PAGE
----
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Ongoing drought has dried up a lagoon near Santiago, Chile.

RODRIGO GARRIDO/REUTERS/Newscom

A warning from ancient tree rings: The Americas are prone to catastrophic, simultaneous droughts

 For 10 years, central Chile has been gripped by unrelenting drought. With 30% less rainfall than normal, verdant landscapes have withered, reservoirs are low, and more than 100,000 farm animals have died. The dry spell has lasted so long that researchers are calling it a “megadrought,” rivaling dry stretches centuries ago. It’s not so different from the decadelong drought that California, some 8000 kilometers away, endured until this year.

By analyzing tree ring records, scientists have now found evidence that such tandem droughts are more than a coincidence: They are surprisingly common over the past 1200 years, and they may often share a common cause—an abnormally cool state of the eastern Pacific Ocean known as La Niña. “We did not expect there to be as much coherence as we see,” says Nathan Steiger, a paleoclimatologist at Columbia University who presented the work this month at a meeting of the American Geophysical Union. “They just happen together.” The results suggest that, in the future, extreme aridity could strike all along the Americas’ western coast.

Evidence for synchronous, hemispherewide droughts first emerged in a 1994 study in Nature, which documented dead tree stumps in the middle of lakes and rivers in both Patagonia and California’s Sierra Nevada. For trees to grow in stream- and lakebeds, the droughts must have lasted for decades, and at least one of these megadroughts seemed to have hit both continents simultaneously.

But pinning down the exact timing wasn’t possible in the 1990s. Ancient drought is typically detected in variations in the width of tree rings, but tree ring records then were spotty. Since, however, tree ring scientists have put together “drought atlases” that provide consistent records for much of the world. “We’ll have most hemispheric land areas covered by the end of the year,” says Ed Cook, a tree ring scientist at Columbia.

Steiger combined these records with thousands of other proxies for dryness and temperature from trees, corals, ocean sediments, and ice cores, and fed them into a global climate model. Aligning itself to the records, it generated a global view of the changing climate, even in places with sparse proxies. The model confirmed that, from 800 to 1600 C.E., multiple megadroughts occurred simultaneously across the hemispheres. “It’s there,” Cook says. “Without question, it’s there.”

Besides correlating the varied climate records, the model also identified the key factors driving the climate variations. Steiger and his co-authors, including Cook, first used the new tool to look at megadroughts in the U.S. Southwest. Their study, published this year in Science Advances, is “amazing,” says David Stahle, a tree ring scientist at the University of Arkansas in Fayetteville. “It’s a bit like … they took those black-and-white films and colorized them.” They found that megadroughts in the Southwest were influenced by three factors: an anomalously warm North Atlantic Ocean, small global temperature rises driven by factors such as a brightening Sun, and, especially, La Niña. The cold cousin of El Niño, La Niña can persist for years, deflecting rainstorms away from their usual tracks.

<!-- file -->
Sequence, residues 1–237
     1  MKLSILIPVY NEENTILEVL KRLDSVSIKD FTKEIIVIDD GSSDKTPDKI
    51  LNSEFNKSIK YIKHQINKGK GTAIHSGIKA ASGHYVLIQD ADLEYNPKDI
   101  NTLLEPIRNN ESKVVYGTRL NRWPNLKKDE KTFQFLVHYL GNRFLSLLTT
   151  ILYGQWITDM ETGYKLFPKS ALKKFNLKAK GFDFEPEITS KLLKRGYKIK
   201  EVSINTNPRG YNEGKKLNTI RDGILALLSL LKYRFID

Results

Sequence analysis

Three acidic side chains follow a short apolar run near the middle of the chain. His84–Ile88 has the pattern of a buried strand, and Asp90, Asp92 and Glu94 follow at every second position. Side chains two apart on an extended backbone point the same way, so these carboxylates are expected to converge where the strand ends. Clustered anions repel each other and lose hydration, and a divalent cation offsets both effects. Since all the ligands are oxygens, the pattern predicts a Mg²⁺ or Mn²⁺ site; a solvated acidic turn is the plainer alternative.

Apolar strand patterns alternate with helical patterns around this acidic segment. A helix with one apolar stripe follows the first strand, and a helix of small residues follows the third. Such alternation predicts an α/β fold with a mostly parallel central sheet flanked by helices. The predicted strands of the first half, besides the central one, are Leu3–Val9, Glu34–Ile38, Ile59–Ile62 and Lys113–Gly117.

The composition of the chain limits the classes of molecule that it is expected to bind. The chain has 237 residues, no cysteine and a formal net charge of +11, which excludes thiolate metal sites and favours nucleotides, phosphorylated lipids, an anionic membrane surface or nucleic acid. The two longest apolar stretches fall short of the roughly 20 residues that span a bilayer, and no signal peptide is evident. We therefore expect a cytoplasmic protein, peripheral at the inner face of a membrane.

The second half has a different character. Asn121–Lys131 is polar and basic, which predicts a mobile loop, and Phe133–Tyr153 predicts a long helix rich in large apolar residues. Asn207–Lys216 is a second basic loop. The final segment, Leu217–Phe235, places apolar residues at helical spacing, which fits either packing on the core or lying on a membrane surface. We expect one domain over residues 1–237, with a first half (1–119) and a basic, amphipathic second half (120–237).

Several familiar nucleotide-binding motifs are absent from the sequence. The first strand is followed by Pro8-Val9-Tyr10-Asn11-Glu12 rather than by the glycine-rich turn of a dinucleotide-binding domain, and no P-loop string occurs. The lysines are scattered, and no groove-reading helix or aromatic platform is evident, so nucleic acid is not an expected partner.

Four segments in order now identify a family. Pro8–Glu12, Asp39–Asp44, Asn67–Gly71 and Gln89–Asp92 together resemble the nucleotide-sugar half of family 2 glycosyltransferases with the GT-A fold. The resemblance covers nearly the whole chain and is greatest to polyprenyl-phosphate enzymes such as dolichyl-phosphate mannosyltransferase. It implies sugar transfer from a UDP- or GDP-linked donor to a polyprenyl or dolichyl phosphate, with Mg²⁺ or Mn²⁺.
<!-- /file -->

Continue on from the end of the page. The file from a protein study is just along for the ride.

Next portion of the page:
In the new work, the team finds that La Niña is almost the sole driver of the South American megadroughts. And because La Niña affects conditions on both sides of the equator, it could plausibly trigger simultaneous droughts in both hemispheres.

Jessica Tierney, a paleoclimatologist at the University of Arizona, says this marriage of proxy records and models is a powerful tool for understanding past climates. “Nathan has really been leading the way on that,” she says. But she cautions that models don’t perfectly simulate the La Niña cycle. It’s also uncertain whether the link between La Niña and distant droughts is a stable dynamic that lasts centuries or might change over time. And the randomness of weather is always a factor: The current South American drought, for example, has endured through both El Niño and La Niña conditions.

Nor is it clear how the drought patterns will change as climate warms. A warming atmosphere alone seems certain to make megadroughts more frequent, especially in the Southwest. But scientists remain divided on how climate change will affect the El Niño-La Niña cycle. Models suggest El Niño will dominate, but in the past few decades, La Niña has seemed to be more frequent. “There are still camps,” says Daniel Griffin, a paleoclimatologist at the University of Minnesota. “I see people trying to hold their noses for consensus statements.”

As bad as the drought in Chile is today, it barely qualifies as a megadrought when compared with the medieval ones, which were longer and more severe. Clearly, there was something about that period that switched off in recent centuries, Cook says. If that pattern somehow came back, with greenhouse warming amplifying it, Cook says, “then things could get quite catastrophic.”